Thanks for all the good information. So I was correct that you were hedging your bets on custom pickups by Bill Lawrence - that was just my guess. I wasn’t really questioning your reasoning, only coaxing it out of you! I forgot that Garcia mentioned that his newly refurbished Wolf pickups had been wound by “some guy”. Also that internet write up on Bill did mention that he had a name for himself in the local NYC music scene hand winding pick-ups for “famous musicians” so I see the logic on speculating that Ramrod or someone else sought him out during one of the many NYC runs in 76/77, and installed them or delivered them back to Irwin for installation, but who really knows? From that Garcia interview it certainly seems that the first set of pick-ups was not a stock set from Dimarzio or SD, which as far as I can know were the only two after market providers, but I think I was 14 in 1976 and not really in tune with who made what for who. It seems Bill Lawrence was already at Gibson by 73/74, but correct me if I’m wrong. Here is an interview with him where he describes those years:
The problems started many years earlier, around 1973/74. Gibson was looked at as a money-making project. The owners of that time were in the beer business, the spirit that is so important in instrument making was lacking. I often had the feeling that the company was being degraded into a furniture factory. Instead of making the instruments by hand in a first-class way, they looked for the fault in the models themselves. They experimented on the market with new instruments that were not well thought out or fully worked out. The owners understood absolutely nothing about the guitar business. They hired top managers who had been educated at first-class universities, but who had a flaw: For them, instrument making was a book with seven seals. They came to me with things that I knew right from the very beginning would not work. If I made my objections known, they said I just didn't know anything at all about business. That fact that that really bothered me is the reason I left Gibson, but in my subconscious I had the feeling that someone would come along who would bring the business up again, and I already had a plan firmly in mind about how that could be done! But before that came to pass, the company was turned over to new people who were not even worth talking about. This involved a consortium of banks or something, to this day we don't know anything more about it. Then Gibson/Norlin was really golden by comparison, because then you could still talk to real people, be a real person. Truly, all the bankers could see was a killing to be made. Nothing was repaired, all of the machines fell apart. It was a crying shame.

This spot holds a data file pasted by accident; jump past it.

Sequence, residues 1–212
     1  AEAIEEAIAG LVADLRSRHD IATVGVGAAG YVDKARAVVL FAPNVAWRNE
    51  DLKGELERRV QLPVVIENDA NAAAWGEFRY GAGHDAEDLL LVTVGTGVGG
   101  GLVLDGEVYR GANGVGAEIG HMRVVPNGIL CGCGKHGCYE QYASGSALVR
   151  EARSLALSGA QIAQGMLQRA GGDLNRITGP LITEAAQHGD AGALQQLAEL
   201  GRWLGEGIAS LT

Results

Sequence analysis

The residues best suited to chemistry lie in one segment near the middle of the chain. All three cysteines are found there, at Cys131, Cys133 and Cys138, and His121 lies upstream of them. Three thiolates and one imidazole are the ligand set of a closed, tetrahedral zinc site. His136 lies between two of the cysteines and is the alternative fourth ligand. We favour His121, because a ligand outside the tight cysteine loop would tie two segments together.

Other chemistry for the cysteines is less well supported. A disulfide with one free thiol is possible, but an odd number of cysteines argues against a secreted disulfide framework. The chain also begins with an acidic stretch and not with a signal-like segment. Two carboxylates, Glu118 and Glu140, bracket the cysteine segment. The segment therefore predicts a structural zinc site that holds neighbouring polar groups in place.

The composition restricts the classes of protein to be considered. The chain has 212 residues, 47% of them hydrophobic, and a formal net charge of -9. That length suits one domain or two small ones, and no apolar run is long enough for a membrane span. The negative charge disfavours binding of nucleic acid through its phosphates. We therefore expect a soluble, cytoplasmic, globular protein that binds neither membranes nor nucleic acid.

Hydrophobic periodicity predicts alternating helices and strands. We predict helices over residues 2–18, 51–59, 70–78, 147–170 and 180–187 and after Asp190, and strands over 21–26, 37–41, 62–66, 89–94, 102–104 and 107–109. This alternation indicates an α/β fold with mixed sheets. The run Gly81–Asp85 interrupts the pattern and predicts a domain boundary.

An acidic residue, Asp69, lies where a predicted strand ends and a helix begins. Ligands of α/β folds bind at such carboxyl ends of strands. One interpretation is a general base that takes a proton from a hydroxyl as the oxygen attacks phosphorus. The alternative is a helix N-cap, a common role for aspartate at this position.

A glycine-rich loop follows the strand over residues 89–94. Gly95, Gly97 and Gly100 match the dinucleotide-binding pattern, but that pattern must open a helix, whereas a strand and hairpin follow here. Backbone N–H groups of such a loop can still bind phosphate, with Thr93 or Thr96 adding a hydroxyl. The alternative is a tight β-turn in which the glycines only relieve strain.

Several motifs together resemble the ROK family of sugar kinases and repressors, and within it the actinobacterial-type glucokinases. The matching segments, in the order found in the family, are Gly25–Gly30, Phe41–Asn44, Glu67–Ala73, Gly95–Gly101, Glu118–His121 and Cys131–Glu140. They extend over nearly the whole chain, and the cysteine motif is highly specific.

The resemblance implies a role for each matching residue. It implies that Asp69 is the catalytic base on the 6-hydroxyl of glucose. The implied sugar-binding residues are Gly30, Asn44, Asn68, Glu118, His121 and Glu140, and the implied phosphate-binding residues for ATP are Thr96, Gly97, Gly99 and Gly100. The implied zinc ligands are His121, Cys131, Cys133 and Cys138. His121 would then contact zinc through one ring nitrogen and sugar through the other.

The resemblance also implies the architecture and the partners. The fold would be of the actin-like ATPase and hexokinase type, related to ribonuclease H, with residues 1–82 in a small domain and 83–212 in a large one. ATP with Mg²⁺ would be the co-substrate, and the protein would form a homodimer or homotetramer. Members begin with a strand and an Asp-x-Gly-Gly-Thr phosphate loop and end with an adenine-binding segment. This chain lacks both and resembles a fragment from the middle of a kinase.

It’s also possible that “a” version of the Wolf 2.0 had a set of SDS-1’s like shown in this 1978 Dimarzio catalogue image. - http://vintage.catalogs.free.fr/dimarzio001/00.htm
- The poles are adjustable and uniform. It’s also possible that the Wolf 2.0 had a variety of pick-ups tested before Garcia settled in with the Dual Sound/ SDS-1 combo later in 78. After all Irwin is quoted as saying (and mentions he’s the one changing out the electronics at this stage and changing them out for new ones – sort of indicating everthing was still somewhat off the shelf):